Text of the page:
Wednesday, June 23, 2010

Vietnam vets worry about lasting impact of Agent Orange

By Nancy Remsen, Free Press Staff Writer • Sunday, June 20, 2010

MONTPELIER — William J. Whitney of Northfield did two tours of duty in Vietnam four decades ago, but until recently he didn’t think that Agent Orange, a defoliant used by the U.S. military, might affect not only his health, but that of his children and grandchildren.

“I’m scared and I have a right to be,” Whitney testified Saturday before a small audience of other Vietnam veterans, their families, Sen. Bernie Sanders, I-Vt., and representatives of Vermont’s other members of Congress. “I went and served my country not knowing what my government was doing to us guys. They poisoned us.”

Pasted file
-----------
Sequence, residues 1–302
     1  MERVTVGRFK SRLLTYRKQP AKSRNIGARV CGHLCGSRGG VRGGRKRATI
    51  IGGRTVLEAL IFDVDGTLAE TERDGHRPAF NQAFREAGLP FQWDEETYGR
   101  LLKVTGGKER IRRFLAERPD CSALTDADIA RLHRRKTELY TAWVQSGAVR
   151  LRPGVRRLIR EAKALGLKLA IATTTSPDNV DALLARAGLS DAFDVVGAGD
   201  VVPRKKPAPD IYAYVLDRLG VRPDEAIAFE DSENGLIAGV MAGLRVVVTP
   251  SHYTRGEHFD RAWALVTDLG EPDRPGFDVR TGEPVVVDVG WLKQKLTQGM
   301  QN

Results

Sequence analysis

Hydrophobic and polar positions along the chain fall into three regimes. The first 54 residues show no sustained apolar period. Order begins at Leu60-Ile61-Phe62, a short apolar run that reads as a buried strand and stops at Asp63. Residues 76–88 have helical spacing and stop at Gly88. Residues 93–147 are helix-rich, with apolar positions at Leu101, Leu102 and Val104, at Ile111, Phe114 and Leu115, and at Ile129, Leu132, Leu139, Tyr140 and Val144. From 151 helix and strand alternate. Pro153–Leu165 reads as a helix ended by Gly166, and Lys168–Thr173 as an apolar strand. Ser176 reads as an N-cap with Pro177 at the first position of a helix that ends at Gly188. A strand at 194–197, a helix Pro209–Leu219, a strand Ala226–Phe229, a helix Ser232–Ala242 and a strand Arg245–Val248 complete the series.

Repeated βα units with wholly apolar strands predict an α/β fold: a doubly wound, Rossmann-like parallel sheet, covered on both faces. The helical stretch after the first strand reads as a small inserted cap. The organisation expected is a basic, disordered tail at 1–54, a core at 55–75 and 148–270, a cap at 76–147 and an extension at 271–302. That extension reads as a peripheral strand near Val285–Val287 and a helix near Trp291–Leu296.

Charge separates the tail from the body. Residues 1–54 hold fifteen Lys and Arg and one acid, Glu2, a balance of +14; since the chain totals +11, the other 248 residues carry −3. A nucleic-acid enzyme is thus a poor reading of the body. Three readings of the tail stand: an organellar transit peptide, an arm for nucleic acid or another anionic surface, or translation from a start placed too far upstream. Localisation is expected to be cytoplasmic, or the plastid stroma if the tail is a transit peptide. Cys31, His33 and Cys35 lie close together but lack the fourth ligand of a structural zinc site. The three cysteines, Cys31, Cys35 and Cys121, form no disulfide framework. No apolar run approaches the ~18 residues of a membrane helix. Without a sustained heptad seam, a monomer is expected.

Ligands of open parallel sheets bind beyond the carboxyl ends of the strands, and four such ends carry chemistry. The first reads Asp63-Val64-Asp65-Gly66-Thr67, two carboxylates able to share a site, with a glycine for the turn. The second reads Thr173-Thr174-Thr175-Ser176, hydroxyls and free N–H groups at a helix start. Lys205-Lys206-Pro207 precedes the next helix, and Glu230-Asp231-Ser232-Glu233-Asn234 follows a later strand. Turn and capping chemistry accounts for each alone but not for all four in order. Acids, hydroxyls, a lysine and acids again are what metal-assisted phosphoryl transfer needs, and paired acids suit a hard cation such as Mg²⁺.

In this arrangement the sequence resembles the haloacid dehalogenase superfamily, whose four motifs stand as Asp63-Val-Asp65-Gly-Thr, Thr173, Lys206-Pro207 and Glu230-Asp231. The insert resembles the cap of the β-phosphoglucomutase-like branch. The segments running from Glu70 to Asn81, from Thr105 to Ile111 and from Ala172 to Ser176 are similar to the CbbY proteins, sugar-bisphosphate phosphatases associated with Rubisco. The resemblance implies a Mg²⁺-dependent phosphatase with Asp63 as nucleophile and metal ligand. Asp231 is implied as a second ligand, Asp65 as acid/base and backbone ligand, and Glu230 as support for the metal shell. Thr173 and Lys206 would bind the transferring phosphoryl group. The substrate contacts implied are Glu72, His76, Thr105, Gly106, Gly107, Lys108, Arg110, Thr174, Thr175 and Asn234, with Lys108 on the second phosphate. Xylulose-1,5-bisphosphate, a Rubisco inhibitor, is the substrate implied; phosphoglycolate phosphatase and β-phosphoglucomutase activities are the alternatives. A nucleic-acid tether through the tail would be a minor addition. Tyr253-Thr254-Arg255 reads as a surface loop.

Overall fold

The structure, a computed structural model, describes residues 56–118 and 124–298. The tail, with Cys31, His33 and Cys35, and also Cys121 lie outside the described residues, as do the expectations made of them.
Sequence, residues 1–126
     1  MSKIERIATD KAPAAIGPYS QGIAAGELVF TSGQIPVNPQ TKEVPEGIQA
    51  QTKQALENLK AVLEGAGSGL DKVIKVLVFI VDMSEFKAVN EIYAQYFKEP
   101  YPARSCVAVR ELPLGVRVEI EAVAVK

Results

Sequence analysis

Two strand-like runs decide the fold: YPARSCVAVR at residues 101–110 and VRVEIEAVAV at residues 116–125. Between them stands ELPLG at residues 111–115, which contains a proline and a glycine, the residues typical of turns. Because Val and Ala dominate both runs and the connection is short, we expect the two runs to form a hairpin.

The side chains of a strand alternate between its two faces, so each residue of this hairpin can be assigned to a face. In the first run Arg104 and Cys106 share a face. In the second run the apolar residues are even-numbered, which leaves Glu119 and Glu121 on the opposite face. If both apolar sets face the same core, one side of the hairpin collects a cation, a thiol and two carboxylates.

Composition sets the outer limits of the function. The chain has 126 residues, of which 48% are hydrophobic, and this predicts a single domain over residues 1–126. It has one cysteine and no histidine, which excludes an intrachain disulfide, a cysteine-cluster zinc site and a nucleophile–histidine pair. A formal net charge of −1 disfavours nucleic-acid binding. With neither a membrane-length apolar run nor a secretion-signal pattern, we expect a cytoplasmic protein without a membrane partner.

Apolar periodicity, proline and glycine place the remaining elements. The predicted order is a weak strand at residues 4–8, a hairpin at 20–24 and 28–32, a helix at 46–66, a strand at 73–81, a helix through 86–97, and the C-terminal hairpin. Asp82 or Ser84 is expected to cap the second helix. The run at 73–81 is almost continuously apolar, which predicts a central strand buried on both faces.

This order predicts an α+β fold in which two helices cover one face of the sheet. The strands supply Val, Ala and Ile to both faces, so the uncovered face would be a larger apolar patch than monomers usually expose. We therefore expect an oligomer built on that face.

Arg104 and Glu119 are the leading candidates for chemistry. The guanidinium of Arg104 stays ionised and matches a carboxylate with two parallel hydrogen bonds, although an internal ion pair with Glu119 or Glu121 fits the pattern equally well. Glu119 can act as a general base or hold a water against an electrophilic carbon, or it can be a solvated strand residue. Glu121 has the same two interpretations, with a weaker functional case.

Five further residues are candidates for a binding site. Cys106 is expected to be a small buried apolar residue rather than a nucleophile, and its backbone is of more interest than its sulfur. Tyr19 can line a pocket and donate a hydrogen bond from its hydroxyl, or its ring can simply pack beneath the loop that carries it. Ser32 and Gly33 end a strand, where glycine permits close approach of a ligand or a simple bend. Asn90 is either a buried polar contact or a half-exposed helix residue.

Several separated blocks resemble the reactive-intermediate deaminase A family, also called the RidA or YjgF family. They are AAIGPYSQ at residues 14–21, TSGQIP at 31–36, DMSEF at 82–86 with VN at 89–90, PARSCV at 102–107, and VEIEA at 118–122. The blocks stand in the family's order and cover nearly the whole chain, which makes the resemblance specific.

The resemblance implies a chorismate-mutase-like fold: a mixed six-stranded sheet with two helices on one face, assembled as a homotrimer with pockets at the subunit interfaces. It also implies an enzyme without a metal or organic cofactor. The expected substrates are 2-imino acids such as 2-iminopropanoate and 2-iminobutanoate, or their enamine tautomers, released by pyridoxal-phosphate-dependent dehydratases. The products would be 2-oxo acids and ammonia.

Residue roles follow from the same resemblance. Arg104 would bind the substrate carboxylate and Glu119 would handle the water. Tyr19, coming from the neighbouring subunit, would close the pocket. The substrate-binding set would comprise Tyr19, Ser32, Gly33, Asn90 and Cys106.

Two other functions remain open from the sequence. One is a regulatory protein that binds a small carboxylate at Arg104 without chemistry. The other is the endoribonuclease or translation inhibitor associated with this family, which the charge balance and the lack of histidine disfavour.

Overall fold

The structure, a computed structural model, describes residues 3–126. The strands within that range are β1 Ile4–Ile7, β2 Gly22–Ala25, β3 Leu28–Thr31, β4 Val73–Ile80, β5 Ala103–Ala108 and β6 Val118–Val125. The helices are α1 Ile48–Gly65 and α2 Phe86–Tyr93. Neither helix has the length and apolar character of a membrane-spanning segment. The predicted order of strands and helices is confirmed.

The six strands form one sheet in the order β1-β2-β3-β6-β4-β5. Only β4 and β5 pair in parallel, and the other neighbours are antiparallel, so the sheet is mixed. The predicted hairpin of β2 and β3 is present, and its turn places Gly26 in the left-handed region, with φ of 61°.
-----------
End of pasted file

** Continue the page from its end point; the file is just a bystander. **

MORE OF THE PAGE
Other Vietnam veterans also came to the microphone, their voices full of emotion as they told of mysterious illnesses that have plagued their children and grandchildren.

Agent Orange Town Hall Meeting in Centralia, Illinois
War doesn’t end when the peace treaty is signed
Effects of Agent Orange on vets may linger long after war in Vietnam
By Judith Joy
Sentinel Feature Editor
CENTRALIA — “We have got to tell people that we will not be quiet any more,” Sandie Wilson told a group of veterans gathered at the American Legion on Wednesday to hear about the effects of Agent Orange on veterans of the Vietnam War.
“We want grant money to look into the effects of Agent Orange, not just on veterans, but on their families,” added Wilson, who served in Vietnam as a nurse in 1968 and ‘69. “We have been talking about Agent Orange for 30 years now,” Wilson added, “but very little has been done by the government for the children and grandchildren of veterans.”
Of the 3.5 million men and women who served in Vietnam , Wilson said that only 850,000 were still alive. “Seventy-five percent are dead before their time — that’s something I cannot tolerate. It’s time to take action.”